Ralph Nader's Center for the Study of Responsive Law has accused the Occupational Safety and Health Administration of "bureaucratic surrender," saying the agency has given in to "powerful corporate disinterests in advancing safety and health" in the work place.

The report, compiled by staffer Philip Simon on the basis of a year's interviews with labor officials, managers and OSHA field inspectors, charges:

The number of workers "guaranteed protection" by the agency dropped 40 percent between 1980 and 1982 as a result of OSHA's new policy of "targeting" inspections to high-hazard industries and allowing full inspections only of work places with worse-than-average illness or accident rates.

The number of inspections prompted by worker complaints dropped 58 percent in the same period. Complaints dropped about 50 percent.

OSHA managers are downgrading an increasing number of complaints recommended by on-site inspectors. The number of citations for "willful" violations, OSHA's most serious category, dropped 90 percent, from 1,238 in 1980 to 112 in 1982. The number of "serious" citations category dropped 50 percent.

Doug Clark, a spokesman for OSHA Administrator Thorne G. Auchter, issued a statement in Auchter's name Friday criticizing the report as "a collection of lies, distortions and generalizations based on isolated and unrepresentative cases, wrapped in the philosophy that the free enterprise system is out to squeeze profits from the very blood and bones of workers.

"That is a philosophy foreign to the ideals of President Reagan and most Americans. . . . This administration does not accept the Ralph Nader belief that government should exist as adversary . . . "

Clark cited several facts in the report he believed to be erroneous, including a quote attributed to Auchter about the agency's reasons for the delays in establishing a new standard for exposure to the carcinogenic chemical benzene. The agency's original standard for benzene, a chemical widely used in manufacturing, was struck down by the Supreme Court in 1980.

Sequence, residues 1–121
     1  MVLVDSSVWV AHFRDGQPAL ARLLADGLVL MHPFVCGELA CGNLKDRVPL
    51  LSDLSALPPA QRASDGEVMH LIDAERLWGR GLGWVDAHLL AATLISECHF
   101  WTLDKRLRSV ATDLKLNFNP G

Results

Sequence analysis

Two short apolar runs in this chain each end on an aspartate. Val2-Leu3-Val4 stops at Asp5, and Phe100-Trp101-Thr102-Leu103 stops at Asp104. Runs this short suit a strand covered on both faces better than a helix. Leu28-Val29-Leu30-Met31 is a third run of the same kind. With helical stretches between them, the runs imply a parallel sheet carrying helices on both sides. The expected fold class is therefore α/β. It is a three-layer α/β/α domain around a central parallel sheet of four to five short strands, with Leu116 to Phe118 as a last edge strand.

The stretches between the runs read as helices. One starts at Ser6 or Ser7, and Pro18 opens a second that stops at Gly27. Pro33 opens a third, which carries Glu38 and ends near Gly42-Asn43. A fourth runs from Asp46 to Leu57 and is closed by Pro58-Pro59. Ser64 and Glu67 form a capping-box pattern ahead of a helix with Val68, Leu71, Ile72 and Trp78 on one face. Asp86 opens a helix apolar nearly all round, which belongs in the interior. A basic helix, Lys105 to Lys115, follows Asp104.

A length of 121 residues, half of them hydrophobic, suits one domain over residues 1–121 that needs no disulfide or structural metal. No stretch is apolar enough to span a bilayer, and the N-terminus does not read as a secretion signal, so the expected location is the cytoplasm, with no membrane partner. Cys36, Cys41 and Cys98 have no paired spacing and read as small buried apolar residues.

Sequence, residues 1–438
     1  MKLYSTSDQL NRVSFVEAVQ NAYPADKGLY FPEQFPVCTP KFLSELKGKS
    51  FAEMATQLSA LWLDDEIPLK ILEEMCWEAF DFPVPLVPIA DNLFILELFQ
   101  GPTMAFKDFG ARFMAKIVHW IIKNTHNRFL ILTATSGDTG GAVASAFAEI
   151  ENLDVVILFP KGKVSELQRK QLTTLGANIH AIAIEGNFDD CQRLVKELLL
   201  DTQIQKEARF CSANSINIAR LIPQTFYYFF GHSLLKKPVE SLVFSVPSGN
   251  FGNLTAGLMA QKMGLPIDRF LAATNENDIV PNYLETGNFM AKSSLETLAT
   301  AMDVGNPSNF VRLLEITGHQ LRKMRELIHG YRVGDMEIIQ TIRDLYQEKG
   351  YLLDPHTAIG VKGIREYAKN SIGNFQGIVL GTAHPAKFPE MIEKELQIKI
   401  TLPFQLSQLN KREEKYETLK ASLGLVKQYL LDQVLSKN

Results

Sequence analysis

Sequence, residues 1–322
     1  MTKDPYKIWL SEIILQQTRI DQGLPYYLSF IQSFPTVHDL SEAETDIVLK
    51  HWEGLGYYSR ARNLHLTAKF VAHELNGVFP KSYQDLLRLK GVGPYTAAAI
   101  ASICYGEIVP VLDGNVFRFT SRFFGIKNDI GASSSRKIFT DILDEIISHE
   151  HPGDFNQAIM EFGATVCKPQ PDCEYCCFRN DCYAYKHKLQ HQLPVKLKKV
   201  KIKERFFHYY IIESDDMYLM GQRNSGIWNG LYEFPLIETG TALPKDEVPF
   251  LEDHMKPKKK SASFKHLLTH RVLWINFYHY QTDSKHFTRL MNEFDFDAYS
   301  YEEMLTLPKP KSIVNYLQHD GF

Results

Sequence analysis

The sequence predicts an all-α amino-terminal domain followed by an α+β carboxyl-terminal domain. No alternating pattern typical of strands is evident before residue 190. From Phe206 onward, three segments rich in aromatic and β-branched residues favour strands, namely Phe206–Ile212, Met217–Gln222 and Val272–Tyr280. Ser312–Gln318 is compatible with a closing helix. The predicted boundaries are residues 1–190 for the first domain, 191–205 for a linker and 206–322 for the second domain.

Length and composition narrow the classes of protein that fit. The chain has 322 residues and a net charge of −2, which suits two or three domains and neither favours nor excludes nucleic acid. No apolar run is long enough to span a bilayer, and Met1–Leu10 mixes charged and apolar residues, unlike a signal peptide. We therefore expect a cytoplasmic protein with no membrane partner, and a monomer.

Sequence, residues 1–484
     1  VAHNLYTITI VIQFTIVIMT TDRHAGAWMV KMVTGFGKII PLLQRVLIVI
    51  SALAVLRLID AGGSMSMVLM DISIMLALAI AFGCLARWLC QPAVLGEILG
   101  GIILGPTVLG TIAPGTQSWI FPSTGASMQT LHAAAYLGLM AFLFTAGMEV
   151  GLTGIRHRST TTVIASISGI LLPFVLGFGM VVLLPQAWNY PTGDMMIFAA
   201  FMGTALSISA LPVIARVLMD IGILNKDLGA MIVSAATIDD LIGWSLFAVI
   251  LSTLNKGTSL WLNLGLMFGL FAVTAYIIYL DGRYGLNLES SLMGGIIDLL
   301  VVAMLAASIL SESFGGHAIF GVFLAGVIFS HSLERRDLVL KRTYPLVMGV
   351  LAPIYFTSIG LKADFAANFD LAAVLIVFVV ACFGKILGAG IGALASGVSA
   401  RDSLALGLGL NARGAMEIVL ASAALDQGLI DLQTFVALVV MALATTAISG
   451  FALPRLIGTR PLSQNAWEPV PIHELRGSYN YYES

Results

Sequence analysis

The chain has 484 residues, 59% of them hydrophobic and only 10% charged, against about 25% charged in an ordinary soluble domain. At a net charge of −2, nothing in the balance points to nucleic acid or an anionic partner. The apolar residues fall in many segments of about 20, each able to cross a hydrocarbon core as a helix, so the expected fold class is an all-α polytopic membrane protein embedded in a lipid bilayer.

The report quotes Auchter as saying the pace had been slow because "benzene isn't a hot enough press item." The quote, reported by Sidney Wolfe, who heads another Nader group, was denied by Auchter.

However, American Public Health Association President Tony Robbins confirmed the substance, though not the exact wording, of the quote.

The report, which relies in part on anonymous quotes from field inspectors and on documented cases of weakened citations or inadequate inspections, repeatedly criticizes the agency's new "nonadversarial" policies.

One unnamed inspector said Auchter's policy of stressing "informal conferences" to settle disputes arising from citations amounts to an open invitation to employers to "come and get your citation at bargain-basement discount prices."

In another case, the report said, timely inspection of a potential work place hazard was thwarted by Auchter's refusal to allow his inspectors to get search warrants unless they were denied entry to a plant.

The case involved a St. Louis coke-manufacturing firm where employes allegedly were prohibited from taking water breaks even though they worked during the summer months near coke ovens where temperatures reached 140 degrees Farenheit. Three employes allegedly collapsed from the heat.

The OSHA inspector who responded to an employe complaint was denied entry. He got a search warrant but was unable to enter until October, more than two months after the original complaint.

The report also blasted Auchter's failure to issue new work place exposure standards for a variety of chemicals besides benzene, including the sterilant ethylene oxide, which is known to cause cancer in animals, and the fumigant ethylene dibromide, a highly toxic chemical used in the insecticide sprayed to combat California's "Medfly" infestation in 1981.